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McCarthy on QAnon: 'I don't even know what it is'

House Minority Leader Kevin McCarthyKevin McCarthyKinzinger: Republicans who join 'America First' caucus should be stripped of committees McCarthy: GOP not the party of 'nativist dog whistles' Pro-Trump lawmakers form caucus promoting 'Anglo-Saxon political traditions' MORE (R-Calif.) claimed to not know what the QAnon conspiracy theory entails on Wednesday during a press conference, despite his own disavowal of the theory by name last year.

Speaking to reporters ahead of a House vote Thursday to remove Rep. Marjorie Taylor GreeneMarjorie Taylor GreeneRep. Marjorie Taylor Greene says she's meeting with Trump 'soon' in Florida QAnon site shutters after reports identifying developer Republicans head to runoff in GA-14 MORE (R-Ga.) from her committee assignments, the GOP leader mispronounced the theory's name, calling it "Q-on," before saying "I don't even know what it is."

"Denouncing Q-on, I don't know if I say it right, I don't even know what it is," McCarthy said.

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The GOP leader noted that Greene had apologized for some of her comments during a caucus meeting Wednesday with House Republicans.

"She said she knew nothing about lasers, or all the different things that have been brought up about her," McCarthy added, apparently referring to reporting from CNN indicating that Greene had indicated support for a theory that claimed a space-based laser was responsible for California's wildfires.

McCarthy's office did not immediately respond to a request for further comment.

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The California Republican previously denounced the QAnon conspiracy theory by name during a Fox News interview last August in response to Greene's victory in Georgia's Republican primary.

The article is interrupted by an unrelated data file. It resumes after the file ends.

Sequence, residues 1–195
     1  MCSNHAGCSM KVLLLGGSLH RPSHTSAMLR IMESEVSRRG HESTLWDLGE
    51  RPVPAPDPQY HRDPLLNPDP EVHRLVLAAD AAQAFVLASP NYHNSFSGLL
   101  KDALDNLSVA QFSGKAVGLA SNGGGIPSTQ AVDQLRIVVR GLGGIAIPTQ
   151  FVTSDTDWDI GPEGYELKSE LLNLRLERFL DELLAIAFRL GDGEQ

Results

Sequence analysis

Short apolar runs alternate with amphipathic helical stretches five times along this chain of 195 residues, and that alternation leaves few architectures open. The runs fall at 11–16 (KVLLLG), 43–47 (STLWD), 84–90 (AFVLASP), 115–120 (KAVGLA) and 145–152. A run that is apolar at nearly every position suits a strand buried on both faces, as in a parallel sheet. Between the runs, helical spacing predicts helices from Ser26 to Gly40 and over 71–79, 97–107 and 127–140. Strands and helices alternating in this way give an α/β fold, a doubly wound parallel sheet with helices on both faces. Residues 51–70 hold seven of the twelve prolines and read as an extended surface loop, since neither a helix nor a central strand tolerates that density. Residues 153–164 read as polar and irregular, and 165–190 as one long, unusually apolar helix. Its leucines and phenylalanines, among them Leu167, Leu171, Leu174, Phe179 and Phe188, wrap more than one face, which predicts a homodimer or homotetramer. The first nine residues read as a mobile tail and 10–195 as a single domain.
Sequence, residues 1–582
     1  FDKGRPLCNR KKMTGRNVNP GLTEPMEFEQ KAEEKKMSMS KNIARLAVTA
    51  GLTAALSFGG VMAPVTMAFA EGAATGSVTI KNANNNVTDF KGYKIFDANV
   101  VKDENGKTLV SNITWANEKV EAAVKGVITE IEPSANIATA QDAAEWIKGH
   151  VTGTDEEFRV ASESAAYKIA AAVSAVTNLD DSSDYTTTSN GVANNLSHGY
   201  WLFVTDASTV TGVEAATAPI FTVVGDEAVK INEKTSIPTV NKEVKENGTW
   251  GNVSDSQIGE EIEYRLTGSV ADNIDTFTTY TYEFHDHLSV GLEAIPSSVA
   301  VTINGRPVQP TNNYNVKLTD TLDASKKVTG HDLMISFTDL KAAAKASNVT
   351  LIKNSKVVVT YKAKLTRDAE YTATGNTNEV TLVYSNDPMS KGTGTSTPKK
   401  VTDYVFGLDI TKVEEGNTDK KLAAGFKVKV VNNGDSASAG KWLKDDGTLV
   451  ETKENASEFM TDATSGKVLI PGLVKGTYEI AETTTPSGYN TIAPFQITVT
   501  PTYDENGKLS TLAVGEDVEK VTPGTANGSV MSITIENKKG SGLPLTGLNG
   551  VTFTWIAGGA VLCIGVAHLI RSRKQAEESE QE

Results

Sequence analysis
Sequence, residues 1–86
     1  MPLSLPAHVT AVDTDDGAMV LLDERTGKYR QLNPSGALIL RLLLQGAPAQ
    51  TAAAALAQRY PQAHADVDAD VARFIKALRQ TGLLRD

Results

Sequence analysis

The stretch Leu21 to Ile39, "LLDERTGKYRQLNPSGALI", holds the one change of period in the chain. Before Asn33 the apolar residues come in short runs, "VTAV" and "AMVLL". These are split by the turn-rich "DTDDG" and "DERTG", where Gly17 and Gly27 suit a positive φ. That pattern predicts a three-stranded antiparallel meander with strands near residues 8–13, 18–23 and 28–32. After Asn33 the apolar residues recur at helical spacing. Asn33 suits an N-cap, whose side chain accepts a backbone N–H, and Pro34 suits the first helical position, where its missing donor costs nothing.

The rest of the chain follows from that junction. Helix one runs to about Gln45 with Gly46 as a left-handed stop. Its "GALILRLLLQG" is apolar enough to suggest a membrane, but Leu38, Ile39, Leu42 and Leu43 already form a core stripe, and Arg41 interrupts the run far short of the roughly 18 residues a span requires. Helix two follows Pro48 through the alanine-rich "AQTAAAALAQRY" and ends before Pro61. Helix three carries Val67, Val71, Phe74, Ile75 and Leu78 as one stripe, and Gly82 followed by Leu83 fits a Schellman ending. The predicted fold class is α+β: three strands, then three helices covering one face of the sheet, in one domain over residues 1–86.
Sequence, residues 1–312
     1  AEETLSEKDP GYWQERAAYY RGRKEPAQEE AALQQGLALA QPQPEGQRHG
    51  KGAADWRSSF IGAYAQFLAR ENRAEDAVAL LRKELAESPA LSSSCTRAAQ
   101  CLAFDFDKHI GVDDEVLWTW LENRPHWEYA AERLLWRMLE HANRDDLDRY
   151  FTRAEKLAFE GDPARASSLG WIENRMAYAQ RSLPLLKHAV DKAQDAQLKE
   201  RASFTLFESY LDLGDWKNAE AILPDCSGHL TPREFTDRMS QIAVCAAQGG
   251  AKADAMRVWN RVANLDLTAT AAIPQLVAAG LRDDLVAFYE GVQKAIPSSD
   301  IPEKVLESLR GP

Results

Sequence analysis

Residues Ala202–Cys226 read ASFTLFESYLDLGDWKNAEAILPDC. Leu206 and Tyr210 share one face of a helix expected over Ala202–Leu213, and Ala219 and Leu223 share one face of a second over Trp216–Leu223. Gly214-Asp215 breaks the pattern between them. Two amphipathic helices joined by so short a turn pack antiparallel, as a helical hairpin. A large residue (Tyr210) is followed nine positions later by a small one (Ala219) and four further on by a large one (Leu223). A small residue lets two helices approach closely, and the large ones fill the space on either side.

“Let me be very clear," McCarthy said last year. "There is no place for QAnon in the Republican Party. I do not support it and the candidate you talked about has denounced it."

The unfounded theory has posited that former President TrumpDonald TrumpFreedom Caucus member condemns GOP group pushing 'Anglo-Saxon political traditions' MyPillow CEO Mike Lindell's new free speech site to ban certain curse words Secret Facebook groups of special operations officers include racist comments, QAnon posts: report MORE and allies worked to expose a group of Democrats, celebrities and media figures operating a global child trafficking ring.

The House is voting Thursday on whether to remove Greene from her committee assignments over her past support for QAnon and other controversial comments, with Democrats and some Republicans expected to vote in favor of her removal.

CNN and other media outlets have recently uncovered a number of controversial remarks from Greene from before she entered office. She was also seen on video following a teenage Parkland school shooting survivor and gun control activist, David Hogg, and challenging him to debate their opposing views on gun rights.

The Georgia congresswoman apologized for some of her past comments during a House floor speech Thursday, while claiming that the media was guilty of spreading disinformation about her and others.

“I was allowed to believe things that weren’t true, and I would ask questions about them and I would talk about them, and that is absolutely what I regret,” she said during the speech.